Gené Teare, Head of Content at CrunchBase

A component of the session were lightning presentations from academics leveraging CrunchBase data.

Sandy Yu, a postdoctoral fellow at UC Berkeley, studied the efficacy of accelerator programs. One of her key findings is that accelerators help resolve uncertainty around the quality of an idea through frequent mentor feedback. In other words, founders learn quickly if an idea is viable, and if not, they fail faster, rather than investing more time and money.

Sandy Yu, Postdoctoral Fellow at UC Berkeley

Andy Wu, a PHD candidate from the University of Pennsylvania, researched group decision making within venture firms. He contrasted this with individual investment decisions by influential VCs. His findings determined that making decisions as a group did not improve outcomes.

J-F Gauthier, CFO at Compass, the creators of the Global Startup Ecosystem Ranking, discussed tracking the growth of core ecosystems around the globe through survey analysis, interviews, and augmenting the survey data with the CrunchBase dataset. The ecosystems with the most growth in VC were Berlin (12x), Bangalore (4x), Boston (3.7x), Amsterdam (2x), and Seattle (2x) according to the report.

J-F Gauthier, CFO at Compass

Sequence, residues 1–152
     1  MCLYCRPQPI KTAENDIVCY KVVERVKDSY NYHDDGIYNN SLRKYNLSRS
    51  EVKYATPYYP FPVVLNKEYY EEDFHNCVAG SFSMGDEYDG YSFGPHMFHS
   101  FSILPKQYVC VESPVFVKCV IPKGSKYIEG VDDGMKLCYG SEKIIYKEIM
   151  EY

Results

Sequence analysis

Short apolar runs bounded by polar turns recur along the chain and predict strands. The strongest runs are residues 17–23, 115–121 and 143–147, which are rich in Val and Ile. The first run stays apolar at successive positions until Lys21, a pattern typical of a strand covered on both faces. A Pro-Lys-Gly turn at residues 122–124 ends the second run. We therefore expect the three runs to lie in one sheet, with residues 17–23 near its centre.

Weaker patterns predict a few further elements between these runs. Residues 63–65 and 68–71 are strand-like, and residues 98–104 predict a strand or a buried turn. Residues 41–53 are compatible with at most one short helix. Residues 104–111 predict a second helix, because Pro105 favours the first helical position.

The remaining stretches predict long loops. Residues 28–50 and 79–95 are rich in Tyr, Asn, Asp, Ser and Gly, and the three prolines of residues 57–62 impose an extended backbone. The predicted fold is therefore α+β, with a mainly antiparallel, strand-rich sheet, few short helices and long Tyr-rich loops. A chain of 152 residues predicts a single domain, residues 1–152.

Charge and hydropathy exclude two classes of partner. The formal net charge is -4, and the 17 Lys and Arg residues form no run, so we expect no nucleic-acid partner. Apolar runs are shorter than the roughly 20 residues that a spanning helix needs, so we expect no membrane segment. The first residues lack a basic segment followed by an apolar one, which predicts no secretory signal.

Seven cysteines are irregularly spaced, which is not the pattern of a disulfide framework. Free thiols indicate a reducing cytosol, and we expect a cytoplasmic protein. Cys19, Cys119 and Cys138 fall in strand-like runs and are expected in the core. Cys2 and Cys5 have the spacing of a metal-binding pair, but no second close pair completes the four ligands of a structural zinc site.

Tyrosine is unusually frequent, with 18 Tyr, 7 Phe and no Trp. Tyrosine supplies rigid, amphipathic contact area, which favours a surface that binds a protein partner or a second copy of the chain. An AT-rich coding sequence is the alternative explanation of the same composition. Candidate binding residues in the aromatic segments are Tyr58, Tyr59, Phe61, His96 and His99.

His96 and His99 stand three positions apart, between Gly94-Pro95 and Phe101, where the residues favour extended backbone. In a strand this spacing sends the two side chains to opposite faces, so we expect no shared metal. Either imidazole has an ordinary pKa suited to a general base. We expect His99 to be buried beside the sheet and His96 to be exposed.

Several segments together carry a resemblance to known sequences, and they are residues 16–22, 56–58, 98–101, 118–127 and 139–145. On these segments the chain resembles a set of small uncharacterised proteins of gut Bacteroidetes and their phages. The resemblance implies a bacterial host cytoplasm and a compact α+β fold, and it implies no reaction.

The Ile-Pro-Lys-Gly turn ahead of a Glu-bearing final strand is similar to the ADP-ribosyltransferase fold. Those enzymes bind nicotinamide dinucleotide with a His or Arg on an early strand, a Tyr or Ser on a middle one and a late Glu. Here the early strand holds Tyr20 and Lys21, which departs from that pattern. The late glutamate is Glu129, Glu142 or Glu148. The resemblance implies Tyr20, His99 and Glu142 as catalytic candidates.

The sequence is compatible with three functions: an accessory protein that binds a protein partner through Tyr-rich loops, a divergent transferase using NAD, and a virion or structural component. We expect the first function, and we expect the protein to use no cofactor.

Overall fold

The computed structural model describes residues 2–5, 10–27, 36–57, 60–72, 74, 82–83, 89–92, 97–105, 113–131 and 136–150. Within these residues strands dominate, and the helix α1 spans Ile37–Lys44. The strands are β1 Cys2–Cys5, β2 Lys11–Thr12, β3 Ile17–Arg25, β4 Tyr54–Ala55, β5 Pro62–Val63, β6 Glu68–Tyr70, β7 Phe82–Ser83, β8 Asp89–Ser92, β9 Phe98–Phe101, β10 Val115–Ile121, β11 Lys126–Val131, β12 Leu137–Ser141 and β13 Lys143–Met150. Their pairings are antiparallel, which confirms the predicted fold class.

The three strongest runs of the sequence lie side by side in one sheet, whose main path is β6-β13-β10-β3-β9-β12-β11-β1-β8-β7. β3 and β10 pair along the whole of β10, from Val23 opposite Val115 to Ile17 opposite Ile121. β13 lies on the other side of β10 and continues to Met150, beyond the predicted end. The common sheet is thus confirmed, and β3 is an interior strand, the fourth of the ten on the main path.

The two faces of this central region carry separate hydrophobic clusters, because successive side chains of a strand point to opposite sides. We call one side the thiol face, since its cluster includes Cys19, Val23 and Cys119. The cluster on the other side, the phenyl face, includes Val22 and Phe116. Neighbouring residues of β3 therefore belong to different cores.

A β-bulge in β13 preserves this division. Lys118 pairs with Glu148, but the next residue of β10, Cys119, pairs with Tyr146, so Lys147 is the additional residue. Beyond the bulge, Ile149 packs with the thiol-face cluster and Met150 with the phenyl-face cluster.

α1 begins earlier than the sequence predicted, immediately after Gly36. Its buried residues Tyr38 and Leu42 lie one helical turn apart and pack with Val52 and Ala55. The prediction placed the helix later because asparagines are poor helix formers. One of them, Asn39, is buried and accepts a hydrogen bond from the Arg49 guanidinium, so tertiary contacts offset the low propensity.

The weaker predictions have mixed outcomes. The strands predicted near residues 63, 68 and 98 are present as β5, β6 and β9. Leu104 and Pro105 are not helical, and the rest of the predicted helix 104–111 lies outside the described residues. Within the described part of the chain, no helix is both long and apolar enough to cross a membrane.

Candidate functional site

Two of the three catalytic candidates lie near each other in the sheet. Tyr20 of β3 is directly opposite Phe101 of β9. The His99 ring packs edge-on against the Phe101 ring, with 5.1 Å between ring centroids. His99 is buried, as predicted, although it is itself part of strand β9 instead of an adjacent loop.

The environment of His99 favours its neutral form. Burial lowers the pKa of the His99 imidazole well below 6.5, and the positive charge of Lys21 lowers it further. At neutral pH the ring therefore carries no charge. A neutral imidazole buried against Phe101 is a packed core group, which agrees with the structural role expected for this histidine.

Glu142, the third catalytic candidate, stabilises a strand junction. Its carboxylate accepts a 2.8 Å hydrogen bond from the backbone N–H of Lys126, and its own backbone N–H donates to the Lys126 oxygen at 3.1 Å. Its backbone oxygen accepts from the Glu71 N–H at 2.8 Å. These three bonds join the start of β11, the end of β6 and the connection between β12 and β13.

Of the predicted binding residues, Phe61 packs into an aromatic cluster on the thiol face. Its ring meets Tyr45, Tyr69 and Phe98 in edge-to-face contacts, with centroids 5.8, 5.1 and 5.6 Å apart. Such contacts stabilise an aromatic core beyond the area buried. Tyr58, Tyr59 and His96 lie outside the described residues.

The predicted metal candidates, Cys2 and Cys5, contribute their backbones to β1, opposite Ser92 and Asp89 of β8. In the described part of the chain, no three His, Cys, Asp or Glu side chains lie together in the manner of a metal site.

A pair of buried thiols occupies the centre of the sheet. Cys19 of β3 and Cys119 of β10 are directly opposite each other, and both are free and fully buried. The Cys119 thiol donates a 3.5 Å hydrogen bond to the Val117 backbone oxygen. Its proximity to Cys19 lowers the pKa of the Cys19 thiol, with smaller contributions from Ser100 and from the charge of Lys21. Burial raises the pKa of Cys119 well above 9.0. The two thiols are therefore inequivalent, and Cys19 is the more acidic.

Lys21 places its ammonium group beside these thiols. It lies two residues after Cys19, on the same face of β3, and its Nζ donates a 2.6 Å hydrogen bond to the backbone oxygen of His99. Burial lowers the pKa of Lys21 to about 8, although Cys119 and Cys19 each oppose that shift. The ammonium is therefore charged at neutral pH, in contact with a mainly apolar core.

Within the last year, over 1,000 Academics and postgraduate students have accessed the CrunchBase API for research initiatives.

If you’re an undergraduate student or bootcamp, you can request the 2013 Data Snapshot. Postgraduate students and academics can request access to the CrunchBase API. Please visit for more information.

Let’s Face It, 2015 Was A Pretty Lousy Year For Unicorns

Let’s Face It, 2015 Was A Pretty Lousy Year For Unicorns

This feature was originally published by TechCrunch.

It’s been a pretty awful year to be a unicorn in 2015.

Box and Square went public this year at significantly less than their last private valuation, Box at a 30 percent discount and Square at a 40 percent discount.

Meanwhile, Gilt Groupe, a New York-based online shopping destination for designer clothing, is in talks to be bought for $250 million. That’s less than the $268 million it has raised from investors and an even further cry from the $1.1 billion valuation it was assigned in August 2014.

Altogether, just five companies with billion-dollar-plus valuations have gone public this year. They include Box (in January), Shopify (May), Pure Storage (October), Square (November), and Atlassian (December) as seen here on the CrunchBase Unicorn Leaderboard.

That’s a small number, compared with the 156 companies globally that are privately valued at above $1 billion, according to CrunchBase. In comparison, CrunchBase tracked 88 private unicorns this time a year ago.

There wasn’t much in the way of major M&A activity either. Just four unicorns were acquired during 2015, and two were acquired at significantly less than their last private valuation: Fab, which sold for the fire-sale price of at $12 million, and Good Technology,  which sold for 65 percent less than its last private valuation of $425 million.